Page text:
Published on March 1, 2021 at 8 a.m. by William Nunnelly  
Womens History
March is Women's History Month, and Samford is celebrating the impact and contributions of its female pioneers. Below, you'll find milestones and female firsts throughout university history. 

Founding Mother

Julia Tarrant Barron is considered the founding mother of Howard College, now Samford University. As such, she represents the first of a number of significant “female firsts” in Samford history. Barron was born in South Carolina but moved with her family to Alabama, then a territory, at a young age. In 1828 she married William Barron, a prosperous businessman in Perry County, Alabama, which had become a state in 1819. William died in 1832, leaving Julia with a large estate. Barron became one of the wealthiest women in the town of Marion, well respected in the community and a prominent member of Siloam Baptist Church. In 1841 she discussed the idea of starting a college for men with James H. DeVotie, the church pastor. She subsequently provided the land on which the college was built, according to a history of the school by James F. Sulzby. Barron is believed to have helped recruit the school’s first president, Samuel Sterling Sherman, and she is credited with being at the head of the school’s donor list. The Alabama Baptist newspaper, which Barron cofounded, described her as being the school’s first donor.

Female Graduate

It would be more than half a century before the school recorded its first female graduate. Anna May Judge attained that distinction in 1896 followed by Alice Eugenia Weatherly in 1898. These women were true pioneers because Samford did not become coeducational until 1913.

Dean of Women and Professor

In fall 1913, Mrs. J. C. Hockett was appointed acting dean of women as the school formally admitted female students. The next fall, Hellen Manly Patrick was appointed dean of women and assistant in the English department. Patrick served one year before resigning for health reasons. In 1915, Nannie Merle Hiden became dean of women and was also appointed professor of education. In that role, she oversaw what was then the education department, becoming the first woman to lead an academic department at the school. The decade of the 1920s saw important firsts for women. The first women’s intercollegiate athletic team, for basketball, was formed in 1921.

Board of Trustee Member

The first female member of the school’s Board of Trustees, Mrs. Charles J. Sharp, was appointed in 1926. She also served as president of the Women’s Auxiliary, forerunner of today’s Legacy League.

Women’s Instructor in Athletics

Emily Cate became the first women’s instructor in the athletics department in 1930, when gym classes became required for all students. Cate organized the Women’s Athletic Association and taught swimming. In 1930-31 women took part in hockey, basketball, track, tennis, swimming and hiking. Later, in 1934, Cate was promoted to director of physical education.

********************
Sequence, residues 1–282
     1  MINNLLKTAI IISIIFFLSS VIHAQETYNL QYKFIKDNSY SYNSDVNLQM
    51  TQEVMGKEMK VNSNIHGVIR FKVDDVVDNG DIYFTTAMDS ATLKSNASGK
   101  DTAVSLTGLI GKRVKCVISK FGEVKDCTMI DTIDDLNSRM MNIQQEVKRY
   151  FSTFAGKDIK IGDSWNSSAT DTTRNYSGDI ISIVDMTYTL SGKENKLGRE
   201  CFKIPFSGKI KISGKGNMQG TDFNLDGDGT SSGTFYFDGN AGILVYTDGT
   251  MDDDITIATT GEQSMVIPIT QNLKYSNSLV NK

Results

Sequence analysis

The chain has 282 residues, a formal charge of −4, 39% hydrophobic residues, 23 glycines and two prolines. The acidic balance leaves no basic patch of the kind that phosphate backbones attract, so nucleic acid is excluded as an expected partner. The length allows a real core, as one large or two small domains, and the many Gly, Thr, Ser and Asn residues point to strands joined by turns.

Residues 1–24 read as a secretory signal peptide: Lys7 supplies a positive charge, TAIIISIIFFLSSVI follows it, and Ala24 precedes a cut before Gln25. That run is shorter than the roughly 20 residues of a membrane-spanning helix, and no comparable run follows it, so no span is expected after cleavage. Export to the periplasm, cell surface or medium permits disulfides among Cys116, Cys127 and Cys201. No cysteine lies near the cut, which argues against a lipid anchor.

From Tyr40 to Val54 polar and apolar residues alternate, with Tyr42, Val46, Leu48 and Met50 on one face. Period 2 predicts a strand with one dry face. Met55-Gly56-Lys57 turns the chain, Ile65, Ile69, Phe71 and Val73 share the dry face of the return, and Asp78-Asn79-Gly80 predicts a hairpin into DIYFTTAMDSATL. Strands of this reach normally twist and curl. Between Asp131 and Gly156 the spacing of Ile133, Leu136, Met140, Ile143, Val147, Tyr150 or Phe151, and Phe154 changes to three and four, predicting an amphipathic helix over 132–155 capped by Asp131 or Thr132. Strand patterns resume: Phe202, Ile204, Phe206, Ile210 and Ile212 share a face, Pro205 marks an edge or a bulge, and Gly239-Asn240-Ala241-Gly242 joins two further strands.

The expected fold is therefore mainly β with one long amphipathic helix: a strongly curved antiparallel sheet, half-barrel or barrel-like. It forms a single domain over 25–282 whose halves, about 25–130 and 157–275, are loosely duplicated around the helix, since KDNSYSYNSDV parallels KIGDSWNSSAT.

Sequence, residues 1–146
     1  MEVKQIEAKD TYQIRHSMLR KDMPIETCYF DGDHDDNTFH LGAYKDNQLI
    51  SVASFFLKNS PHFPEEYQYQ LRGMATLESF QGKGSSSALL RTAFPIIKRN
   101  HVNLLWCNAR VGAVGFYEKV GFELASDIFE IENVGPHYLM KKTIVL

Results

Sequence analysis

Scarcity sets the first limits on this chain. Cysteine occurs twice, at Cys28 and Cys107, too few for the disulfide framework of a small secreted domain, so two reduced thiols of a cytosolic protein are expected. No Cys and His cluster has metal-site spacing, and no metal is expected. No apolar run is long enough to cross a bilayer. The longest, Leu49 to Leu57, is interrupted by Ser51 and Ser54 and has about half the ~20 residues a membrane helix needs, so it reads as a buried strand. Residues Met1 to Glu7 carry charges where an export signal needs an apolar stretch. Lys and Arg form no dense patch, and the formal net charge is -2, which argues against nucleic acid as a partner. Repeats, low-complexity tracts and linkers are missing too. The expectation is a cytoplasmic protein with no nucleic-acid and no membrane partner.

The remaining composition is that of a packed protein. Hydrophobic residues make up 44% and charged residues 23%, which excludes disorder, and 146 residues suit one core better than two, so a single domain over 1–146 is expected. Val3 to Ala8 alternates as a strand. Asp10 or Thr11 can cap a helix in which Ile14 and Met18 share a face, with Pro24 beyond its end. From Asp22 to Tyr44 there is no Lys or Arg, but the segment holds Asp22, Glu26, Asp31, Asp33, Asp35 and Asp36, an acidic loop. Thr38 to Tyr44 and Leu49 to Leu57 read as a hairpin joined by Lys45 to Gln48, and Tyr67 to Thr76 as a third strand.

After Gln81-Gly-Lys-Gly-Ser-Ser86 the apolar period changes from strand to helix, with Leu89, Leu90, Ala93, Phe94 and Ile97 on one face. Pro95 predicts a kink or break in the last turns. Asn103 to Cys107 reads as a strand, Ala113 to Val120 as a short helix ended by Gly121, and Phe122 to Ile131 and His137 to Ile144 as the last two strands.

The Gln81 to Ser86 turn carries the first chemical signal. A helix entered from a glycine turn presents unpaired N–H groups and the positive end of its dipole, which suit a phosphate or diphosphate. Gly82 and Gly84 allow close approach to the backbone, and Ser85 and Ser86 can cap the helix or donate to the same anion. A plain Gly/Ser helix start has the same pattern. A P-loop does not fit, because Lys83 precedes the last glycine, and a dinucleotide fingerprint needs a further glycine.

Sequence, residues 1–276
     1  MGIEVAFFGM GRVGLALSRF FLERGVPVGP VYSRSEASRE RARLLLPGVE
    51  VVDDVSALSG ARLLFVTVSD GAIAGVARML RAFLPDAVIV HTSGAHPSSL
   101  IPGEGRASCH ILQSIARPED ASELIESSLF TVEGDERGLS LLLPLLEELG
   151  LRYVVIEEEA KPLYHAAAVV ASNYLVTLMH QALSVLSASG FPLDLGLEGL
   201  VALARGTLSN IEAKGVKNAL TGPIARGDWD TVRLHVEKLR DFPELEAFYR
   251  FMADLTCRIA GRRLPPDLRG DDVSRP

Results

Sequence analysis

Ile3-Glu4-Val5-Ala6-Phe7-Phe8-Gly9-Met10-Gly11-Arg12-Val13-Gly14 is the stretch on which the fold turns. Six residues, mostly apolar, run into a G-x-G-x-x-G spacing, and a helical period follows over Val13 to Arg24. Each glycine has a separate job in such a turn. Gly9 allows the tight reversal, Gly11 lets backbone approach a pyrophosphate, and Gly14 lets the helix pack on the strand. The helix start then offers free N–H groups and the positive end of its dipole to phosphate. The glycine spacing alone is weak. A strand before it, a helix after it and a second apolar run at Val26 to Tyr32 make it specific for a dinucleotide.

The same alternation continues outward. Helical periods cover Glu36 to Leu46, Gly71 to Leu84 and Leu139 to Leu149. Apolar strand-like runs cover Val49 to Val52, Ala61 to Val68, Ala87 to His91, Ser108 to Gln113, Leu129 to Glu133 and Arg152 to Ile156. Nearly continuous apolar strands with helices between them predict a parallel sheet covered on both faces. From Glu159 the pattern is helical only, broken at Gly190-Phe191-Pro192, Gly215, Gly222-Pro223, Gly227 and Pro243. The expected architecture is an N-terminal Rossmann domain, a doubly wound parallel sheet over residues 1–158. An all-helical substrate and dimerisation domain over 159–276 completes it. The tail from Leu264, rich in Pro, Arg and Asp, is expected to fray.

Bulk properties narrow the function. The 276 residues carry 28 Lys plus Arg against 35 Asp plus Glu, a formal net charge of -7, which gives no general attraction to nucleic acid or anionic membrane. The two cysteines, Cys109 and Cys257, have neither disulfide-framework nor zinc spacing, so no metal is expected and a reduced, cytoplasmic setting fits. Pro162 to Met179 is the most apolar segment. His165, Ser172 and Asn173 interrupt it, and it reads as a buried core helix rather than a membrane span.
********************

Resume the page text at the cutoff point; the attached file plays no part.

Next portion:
SGA President

Margaret Ann Miller Peterson in 1946 became the first female Student Government Association president without intending to. She campaigned for vice president alongside her friend, J. B. Davis. Both won, but Davis—a member of the Navy V-12 program—was transferred to another university after the election, and Peterson became SGA president. “I was really shocked,” she said during a 2017 visit to campus. “I hadn’t planned to do anything except help him! Then I had to get busy.”

African American Student

Audrey Gaston Howard in 1967 became the first African American student to enroll at Samford as a student at Cumberland School of Law. She earned her degree in 1970 and became the first woman appointed to the U.S. Attorney’s Office in the southeast. Later she was appointed courts liaison adviser to the staff of the National Criminal Justice Commission before serving as a legislative assistant to U.S. Representative John Buchanan of Alabama.

Law Professor

Janie Shores, a Samford graduate, became the first female law professor at Cumberland and in the state of Alabama in 1968 and was the first female elected to the Alabama Supreme Court in 1974, serving four terms. She was named Samford Alumna of the Year in 1983.

Academic School Named

Ida V. Moffett was the first female for whom an academic school was named in 1968. Ida Moffett School of Nursing became a part of Samford in 1973. Moffett, who served the nursing profession for more than 70 years, was the first woman involved in achieving a nursing school accreditation in Alabama. (A second academic entity, the education school, was named for a woman, Orlean Bullard Beeson, in 1978.)

Vice President

Martha Ann Cox became Samford’s first female vice president in 1984 with additional duties as dean of students. Cox served Samford in various capacities during a 38-year tenure at the university. She was named Alumna of the Year in 2006.


This story was originally published in the Summer 2019 edition of Seasons magazine, and is based on a Women’s History Month program presented by Betsy Holloway, Samford vice president for marketing and communication. Additional research was conducted by Jennifer Taylor.
Samford is a leading Christian university offering undergraduate programs grounded in the liberal arts with an array of nationally recognized graduate and professional schools. Founded in 1841, Samford is the 87th-oldest institution of higher learning in the United States. Samford enrolls 5,791 students from 49 states, Puerto Rico and 16 countries in its 10 academic schools: arts, arts and sciences, business, divinity, education, health professions, law, nursing, pharmacy and public health. Samford fields 17 athletic teams that compete in the tradition-rich Southern Conference and ranks 6th nationally for its Graduation Success Rate among all NCAA Division I schools.